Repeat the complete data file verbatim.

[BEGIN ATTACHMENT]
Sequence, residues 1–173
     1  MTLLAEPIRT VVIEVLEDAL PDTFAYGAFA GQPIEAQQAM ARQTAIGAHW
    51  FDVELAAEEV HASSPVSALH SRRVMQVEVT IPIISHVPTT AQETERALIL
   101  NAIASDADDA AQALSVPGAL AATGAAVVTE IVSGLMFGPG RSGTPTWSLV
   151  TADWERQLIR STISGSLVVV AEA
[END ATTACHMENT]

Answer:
Sequence, residues 1–173
     1  MTLLAEPIRT VVIEVLEDAL PDTFAYGAFA GQPIEAQQAM ARQTAIGAHW
    51  FDVELAAEEV HASSPVSALH SRRVMQVEVT IPIISHVPTT AQETERALIL
   101  NAIASDADDA AQALSVPGAL AATGAAVVTE IVSGLMFGPG RSGTPTWSLV
   151  TADWERQLIR STISGSLVVV AEA